registered nurses salariesThis is a health professional that has a Bachelor’s of Science degree. They are also known as Hospital Registered Nurse, Community Registered Nurse, or Licensed Registered Nurse. Being a registered nurse it is your responsibility for the direct supervision of home care aides, nursing aides, licensed practical nurses (LPN’s), and nursing assistants. Nurse education has undergone tremendous alternations with changing roles and regulations pushing nurses towards specialized and advanced credentials in the post-war era. This is what shaped the current public image of nurses today.   Registered nurses make up the largest part of the healthcare workforce according to the Institution of Medicine (IOM). A registered nurse, especially in a hospital, nursing home, long term care facility, has more contact with patients on a daily basis than one who works in a physician’s office so a registered nurse has to be patience, have compassion for the patient and family, be able to deal with various situations such as horrendous injuries, death, telling love ones and families unhappy news, and so much more.

Normally there are 4 main areas in which registered nurses specialize offering care such as:

  • For a specific medical condition like cancer or diabetes
  • For a specific part of the body like a cardiovascular registered nurse or dermatology registered nurse.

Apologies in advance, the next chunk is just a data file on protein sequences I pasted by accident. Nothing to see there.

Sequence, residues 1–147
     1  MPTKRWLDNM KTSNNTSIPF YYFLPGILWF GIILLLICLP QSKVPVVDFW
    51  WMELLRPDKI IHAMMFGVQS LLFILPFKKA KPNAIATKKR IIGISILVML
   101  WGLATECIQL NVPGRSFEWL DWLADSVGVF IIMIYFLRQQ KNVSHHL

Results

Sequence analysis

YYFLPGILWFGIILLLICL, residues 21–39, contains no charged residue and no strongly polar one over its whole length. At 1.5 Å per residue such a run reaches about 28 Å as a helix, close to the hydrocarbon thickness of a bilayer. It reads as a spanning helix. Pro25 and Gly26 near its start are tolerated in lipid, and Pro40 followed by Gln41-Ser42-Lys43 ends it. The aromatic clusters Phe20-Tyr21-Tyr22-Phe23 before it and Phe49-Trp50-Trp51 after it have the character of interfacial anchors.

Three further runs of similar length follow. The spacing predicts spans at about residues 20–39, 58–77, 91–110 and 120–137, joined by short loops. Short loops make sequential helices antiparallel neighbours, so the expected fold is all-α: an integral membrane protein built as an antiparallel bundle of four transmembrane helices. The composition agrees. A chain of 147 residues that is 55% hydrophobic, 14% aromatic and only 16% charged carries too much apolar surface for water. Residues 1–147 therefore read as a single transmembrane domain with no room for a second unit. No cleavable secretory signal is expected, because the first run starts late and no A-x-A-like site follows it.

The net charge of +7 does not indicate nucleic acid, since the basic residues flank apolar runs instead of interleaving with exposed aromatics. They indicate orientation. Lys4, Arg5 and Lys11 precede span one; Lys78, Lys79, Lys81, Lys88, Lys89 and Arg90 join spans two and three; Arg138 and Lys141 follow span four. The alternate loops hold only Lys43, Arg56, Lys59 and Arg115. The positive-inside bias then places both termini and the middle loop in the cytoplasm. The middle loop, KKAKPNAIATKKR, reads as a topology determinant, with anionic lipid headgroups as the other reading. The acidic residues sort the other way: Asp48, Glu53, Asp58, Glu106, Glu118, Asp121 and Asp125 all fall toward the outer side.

• For a specific group of people like the elderly or premature babies
  • For a specific type of environment like working in a school or the emergency department.

Job description of a registered nurse

The job description of a registered nurse is fairly extensive. It can also depend on their working environment but there are some general things that all registered nurses do no matter where they work. Some of the things that all registered nurses do are assessments, monitoring, and observation of their patient’s symptoms. If you are working in a hospital this starts from the time the patient arrives on your floor to the day that they leave. Registered nurses may also administer medications and injections and can even assist physicians during treatment or diagnosis procedures.

A registered nurse is an essential part of a healthcare team and they interact directly with pharmacists, other health care practitioners, lab workers, and physicians daily in order to provide their patients with a continuity of care. Another important part of a registered nurses job description is to provide emotional support and educate their patients and families.

Other duties that a registered nurse might do can include:

  • Provide direct patient care
  • Dressing a wound
  • Changing bandages
  • Putting in intravenous lines
  • Monitoring medical equipment
  • Assisting in the operating room and making sure that the surgeon has the correct medical instruments
  • Offering emotional support to patients and their families